CQUni Noosa guiding Vietnamese education changes
Published on 20 March, 2013
Sunshine Coast academics at the cutting-edge of education research are playing a key role in modernising Vietnam's primary and secondary schools...
The researchers from CQUniversity's Noosa-based Learning and Teaching Education Resource Centre (LTERC) are currently training senior Vietnamese Ministry of Education and Training officials and university staff on textbook and curriculum development.
Funded by the Asian Development Bank, the teaching program is part of a Vietnamese Government initiative to replace their current student resources with the kind being developed at LTERC.
LTERC Director Professor Mike Horsley said the courses covered LTERC's research on how educational resources could incorporate digital technologies.
"Today's textbooks can encompass interactivity and multimedia technologies more than ever before," Professor Horsley said.
"They now have digital components such as links to websites and online exam cafes, as well as interactive CDs and DVDs.
"This is something that's entirely new to the Vietnamese education system, so we are sharing our skills and knowledge with their policy-makers and resource developers to help them adapt these techniques to their needs."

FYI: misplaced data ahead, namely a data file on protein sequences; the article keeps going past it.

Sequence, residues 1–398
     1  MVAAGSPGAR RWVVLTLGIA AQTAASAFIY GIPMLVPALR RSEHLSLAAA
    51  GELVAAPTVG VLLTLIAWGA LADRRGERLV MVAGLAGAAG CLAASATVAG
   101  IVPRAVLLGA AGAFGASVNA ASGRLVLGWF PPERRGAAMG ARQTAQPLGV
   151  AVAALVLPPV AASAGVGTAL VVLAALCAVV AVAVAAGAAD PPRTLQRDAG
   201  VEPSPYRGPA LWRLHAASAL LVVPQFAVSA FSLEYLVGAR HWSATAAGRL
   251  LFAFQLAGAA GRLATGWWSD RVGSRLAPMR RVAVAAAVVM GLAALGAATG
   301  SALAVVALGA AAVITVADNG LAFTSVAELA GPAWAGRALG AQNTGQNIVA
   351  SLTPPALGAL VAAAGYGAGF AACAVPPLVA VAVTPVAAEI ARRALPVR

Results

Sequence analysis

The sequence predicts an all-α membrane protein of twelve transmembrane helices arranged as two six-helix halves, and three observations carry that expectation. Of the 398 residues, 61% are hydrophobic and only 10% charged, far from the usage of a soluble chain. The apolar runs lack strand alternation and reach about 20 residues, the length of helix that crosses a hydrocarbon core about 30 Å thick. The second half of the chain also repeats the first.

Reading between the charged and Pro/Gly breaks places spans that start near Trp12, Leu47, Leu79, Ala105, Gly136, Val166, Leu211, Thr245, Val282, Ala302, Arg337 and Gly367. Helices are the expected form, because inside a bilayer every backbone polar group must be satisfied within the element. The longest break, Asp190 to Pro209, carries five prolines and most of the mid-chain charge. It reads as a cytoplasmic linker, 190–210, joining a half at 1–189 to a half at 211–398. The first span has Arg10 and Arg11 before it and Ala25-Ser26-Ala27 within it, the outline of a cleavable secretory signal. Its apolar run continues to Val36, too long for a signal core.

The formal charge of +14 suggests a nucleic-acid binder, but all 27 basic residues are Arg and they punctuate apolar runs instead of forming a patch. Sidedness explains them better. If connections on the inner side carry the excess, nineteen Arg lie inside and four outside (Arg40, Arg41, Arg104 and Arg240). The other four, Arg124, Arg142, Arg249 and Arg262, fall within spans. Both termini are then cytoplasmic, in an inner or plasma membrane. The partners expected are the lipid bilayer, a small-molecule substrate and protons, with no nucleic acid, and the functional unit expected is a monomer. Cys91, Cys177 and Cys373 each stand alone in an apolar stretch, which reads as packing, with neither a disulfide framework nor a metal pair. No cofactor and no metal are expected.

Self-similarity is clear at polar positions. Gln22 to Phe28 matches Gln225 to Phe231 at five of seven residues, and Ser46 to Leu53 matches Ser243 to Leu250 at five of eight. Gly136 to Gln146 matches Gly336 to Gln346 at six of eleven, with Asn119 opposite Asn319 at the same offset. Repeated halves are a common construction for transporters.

Mr Horsley said LTERC was chosen to deliver the training from a tender process that included the world's foremost educational institutions.
"LTERC researchers are renowned worldwide for their expertise in learning research," Professor Horsley said.
"The centre boasts multiple award-winning academics with peerless experience in the areas of curriculum and textbook development.
"That LTERC was chosen to help guide the future of education in Vietnam is further recognition that we are world-leaders in this field."
Khanh Nguyen Cong, from the Hanoi National University of Education, was part of a delegation that undertook courses this week, the third group since the program started last month.
Mr Cong said current teaching methods in Vietnam were still very traditional.
"Vietnamese teachers still mostly use blackboards and traditional textbooks," the Director of Hanoi University's Education Quality Assurance Centre said.
"We're aiming to learn as much as we can about how to design new textbooks that are more focused on electronic technology.
"Then we can go back to our colleagues and develop content suitable for Vietnam and raise the standard of education there."